May. That wonderful month of the year that is the true heart of spring. The time when April showers give way to May flowers, or in our case here in central New York hopefully all the snow has melted off and the ground has thawed. May comes marching in to greet us with a little thing we like to call Cinco de Mayo. A glorious celebration of the Mexican victory at the Battle of Puebla over the French in 1862…who am I kidding, it’s a day for gringos to indulge in free flowing margaritas and eat tacos, tacos, tacos!
I myself am a transplant from the sunny climes of southern California. When it comes to tacos in California carne asada is king. Marinaded and bursting with classic Mexican flavors, charred bits of skirt steak on a small corn tortilla sourced from a local tortilleria with a simple topping of chopped onions and cilantro and served on a paper plate with a wedge of lime and a couple radishes. It is hands down one of the grandest eating experiences one could hope to have. Today however, I offer up the clucky cousin of the classic beef asada taco, pollo asado al carbon! Sounds fancy doesn’t it? No worries, I’m going to show you how to turn a humble chicken into a taco that will rival those of any taqueria from SoCal to Austin. So grab a cold cerveza and some lime and let’s get to it!
First thing we need to do is acquire a whole chicken. Not one of those circus freak chickens fed on a steady diet of hormones and then pumped up with salt water. No, what we are after here friends is a small fryer about 2.5 pounds. Now this is the most difficult part of the recipe, we need to cut the backbone outta this bad boy, and for that we’ll need to grab some poultry shears or at the very least a really strong pair of scissors. Can’t get that backbone out of the chicken? Just sweet talk your butcher into doing it for you (and save that backbone for stock at a later date!) Now that we’ve got our spineless chicken let’s build a spa for it to soak in for a while…
Our cast of players for the chicken:
½ cup lime juice
½ cup seville orange juice
3 tablespoon cider vinegar
2 teaspoon cumin seed (lightly crushed)
2 teaspoon dried oregano
2 tablespoon achiote paste (or crushed annatto seeds)
1 ½ tablespoon ancho chile powder
½ teaspoon ground allspice
5 large garlic cloves (crushed)
2 teaspoon kosher salt
Mix all ingredients together with a whisk in a mixing bowl and take half of it and set it aside. Pour the remaining marinade into a ziplock bag and toss our formerly feathered friend into the pool and massage it around a bit to make sure we get flavor in to all the nooks and crannies. Now it is time to refrigerate and step away for a couple hours to enjoy a frosty adult beverage or two while we prepare our grill.
I used a charcoal grill to cook our bird, I prefer the flavor of charcoal to that of a gas grill. By all means, use a gas grill if that is what you have available. If you’re using a charcoal grill follow the next set of directions. Remember, we are cooking with indirect heat so don’t place the bird directly over the flame.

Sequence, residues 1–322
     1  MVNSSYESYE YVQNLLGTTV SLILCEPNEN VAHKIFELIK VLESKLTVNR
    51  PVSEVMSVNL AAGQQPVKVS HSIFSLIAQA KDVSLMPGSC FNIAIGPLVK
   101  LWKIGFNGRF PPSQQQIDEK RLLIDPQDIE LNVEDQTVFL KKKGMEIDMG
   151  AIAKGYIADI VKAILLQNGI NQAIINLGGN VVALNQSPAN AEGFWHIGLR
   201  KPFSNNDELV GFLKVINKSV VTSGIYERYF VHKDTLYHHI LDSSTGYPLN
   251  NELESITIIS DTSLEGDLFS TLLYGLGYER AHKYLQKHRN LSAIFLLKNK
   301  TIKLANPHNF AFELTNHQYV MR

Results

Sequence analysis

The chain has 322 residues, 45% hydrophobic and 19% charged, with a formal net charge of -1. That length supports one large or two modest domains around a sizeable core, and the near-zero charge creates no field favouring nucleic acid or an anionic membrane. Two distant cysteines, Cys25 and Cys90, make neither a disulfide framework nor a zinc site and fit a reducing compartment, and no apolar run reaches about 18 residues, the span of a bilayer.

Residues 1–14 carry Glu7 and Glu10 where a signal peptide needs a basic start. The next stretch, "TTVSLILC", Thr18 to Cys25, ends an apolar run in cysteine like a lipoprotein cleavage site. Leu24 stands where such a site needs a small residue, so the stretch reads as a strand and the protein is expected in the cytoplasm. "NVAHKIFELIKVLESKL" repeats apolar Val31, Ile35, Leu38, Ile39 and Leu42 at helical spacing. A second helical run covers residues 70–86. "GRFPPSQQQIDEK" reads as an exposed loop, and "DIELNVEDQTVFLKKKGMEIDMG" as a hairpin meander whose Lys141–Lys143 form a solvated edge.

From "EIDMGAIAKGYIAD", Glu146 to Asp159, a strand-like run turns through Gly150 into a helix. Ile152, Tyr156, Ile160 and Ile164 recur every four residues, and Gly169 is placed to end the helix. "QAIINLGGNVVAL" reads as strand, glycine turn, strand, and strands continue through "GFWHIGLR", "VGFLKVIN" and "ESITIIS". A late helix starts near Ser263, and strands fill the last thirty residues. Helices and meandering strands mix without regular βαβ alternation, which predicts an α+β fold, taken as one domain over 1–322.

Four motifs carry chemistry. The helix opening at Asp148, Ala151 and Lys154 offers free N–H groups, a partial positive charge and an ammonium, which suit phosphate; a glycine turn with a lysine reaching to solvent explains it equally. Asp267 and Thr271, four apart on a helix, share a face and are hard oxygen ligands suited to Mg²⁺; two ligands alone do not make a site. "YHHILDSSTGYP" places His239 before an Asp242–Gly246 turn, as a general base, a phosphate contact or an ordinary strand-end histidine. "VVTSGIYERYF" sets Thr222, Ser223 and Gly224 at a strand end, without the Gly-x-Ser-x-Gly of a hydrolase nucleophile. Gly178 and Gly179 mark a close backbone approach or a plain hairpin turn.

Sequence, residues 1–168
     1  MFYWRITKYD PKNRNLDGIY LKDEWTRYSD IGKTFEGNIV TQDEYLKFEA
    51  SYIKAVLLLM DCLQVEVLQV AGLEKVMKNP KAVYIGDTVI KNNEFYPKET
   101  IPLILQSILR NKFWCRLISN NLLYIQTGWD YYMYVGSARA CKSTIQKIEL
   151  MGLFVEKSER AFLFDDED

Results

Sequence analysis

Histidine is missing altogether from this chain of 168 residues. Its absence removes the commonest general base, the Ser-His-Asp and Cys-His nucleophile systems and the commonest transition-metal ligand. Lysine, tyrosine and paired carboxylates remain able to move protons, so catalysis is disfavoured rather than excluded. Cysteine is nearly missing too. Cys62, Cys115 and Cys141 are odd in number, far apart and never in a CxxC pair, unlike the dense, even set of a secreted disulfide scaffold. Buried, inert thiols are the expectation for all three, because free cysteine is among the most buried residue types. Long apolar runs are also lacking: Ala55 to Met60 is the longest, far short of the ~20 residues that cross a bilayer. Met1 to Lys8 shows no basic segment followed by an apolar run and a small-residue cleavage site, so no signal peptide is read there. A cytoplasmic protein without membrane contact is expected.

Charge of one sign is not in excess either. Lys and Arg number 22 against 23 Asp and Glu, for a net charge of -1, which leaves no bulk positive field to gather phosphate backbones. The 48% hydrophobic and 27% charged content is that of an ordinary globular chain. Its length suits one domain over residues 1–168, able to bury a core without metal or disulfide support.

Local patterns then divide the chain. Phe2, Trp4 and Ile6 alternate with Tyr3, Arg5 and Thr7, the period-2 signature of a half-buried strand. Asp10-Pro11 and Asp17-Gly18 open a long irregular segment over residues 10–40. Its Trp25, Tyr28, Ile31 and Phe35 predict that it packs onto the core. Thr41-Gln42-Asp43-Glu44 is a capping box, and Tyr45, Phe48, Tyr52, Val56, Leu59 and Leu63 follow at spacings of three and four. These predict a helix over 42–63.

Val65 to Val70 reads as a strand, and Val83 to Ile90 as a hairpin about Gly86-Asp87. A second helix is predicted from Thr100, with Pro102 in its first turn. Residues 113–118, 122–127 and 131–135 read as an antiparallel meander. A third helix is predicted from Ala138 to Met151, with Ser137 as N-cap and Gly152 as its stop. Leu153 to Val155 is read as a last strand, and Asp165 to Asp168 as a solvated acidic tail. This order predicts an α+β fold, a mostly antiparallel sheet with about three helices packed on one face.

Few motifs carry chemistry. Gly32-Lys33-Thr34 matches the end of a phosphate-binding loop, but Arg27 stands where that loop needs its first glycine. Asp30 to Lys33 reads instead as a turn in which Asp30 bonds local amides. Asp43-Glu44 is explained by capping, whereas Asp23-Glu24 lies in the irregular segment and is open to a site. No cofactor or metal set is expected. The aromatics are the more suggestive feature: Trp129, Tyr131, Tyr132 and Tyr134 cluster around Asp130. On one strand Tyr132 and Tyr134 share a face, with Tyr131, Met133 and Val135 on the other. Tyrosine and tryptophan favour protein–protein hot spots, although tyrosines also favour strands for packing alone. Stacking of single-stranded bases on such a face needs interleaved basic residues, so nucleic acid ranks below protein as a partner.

We need to get a good pile of coals going and let them get grey and ash over. At this point we’ll be separating the coals into two piles on either side of the grill. We’re going to be cooking this beast on indirect heat for 45 minutes or so without flipping it over and we don’t want it to burn. We’re looking to get our temperature to about 325 degrees. Once the coals are primed and separated (and the grill is clean) it’s time to toast the bird.
Place the chicken (breast side up) on the grill between the coals and close the lid. Every 10-15 minutes use the reserved marinade to baste the chicken. After 45 minutes flip the chicken onto the breast side and cook for 10 minutes more. Check to make sure the juices in the bird are running clear and remove the chicken to a sheet pan or cookie sheet to rest. The chicken should rest for about 15 minutes, then we simply debone the meat and roughly chop it up. Now it’s time to assemble some tacos!
Use your choice of flour or corn tortillas to make your tacos, I myself prefer a nice homemade corn tortilla. I use a simple topping of shredded cabbage lightly dressed with a little vinegar, lime juice, and salt. I top the whole thing off with a jalapeño aioli loosely based on the coveted dona sauce from Tacodeli in Austin, Texas. It couldn’t be simpler to make and it really rounds out all of the flavors of this taco. Step lively with this one though as it’s got a little bit of ass on it!
The cast of players for the aioli.
2 large cloves of garlic
¼ cup of vegetable oil
¼ cup olive oil
1 teaspoon salt
Bring a pot of water to a boil and toss in our jalapeños and one clove of the garlic. Reduce the heat and simmer the peppers for about 10-15 minutes then remove from the heat into cold water. When the peppers are cool enough to handle deseed them and put all ingredients into a blender and put the spurs to it. Drizzle the oil in a light and steady stream into the blender as it’s whipping away at our pepper puree. After a minute or so of drizzling the oil into the mixture you’ll notice it begin to thicken and take on a pale light green hue. Let it whip for another minute or so and it’s done.
Now it’s time to kick back and enjoy the spoils of our labor. Crack open a cold cerveza, pour a margarita, or if that’s not your thing enjoy a nice agua fresca and throw back some delicious tacos! I hope everyone enjoys this pollo asado al carbon and have a fabulous Cinco de Mayo! Buenos dias and eat well amigos!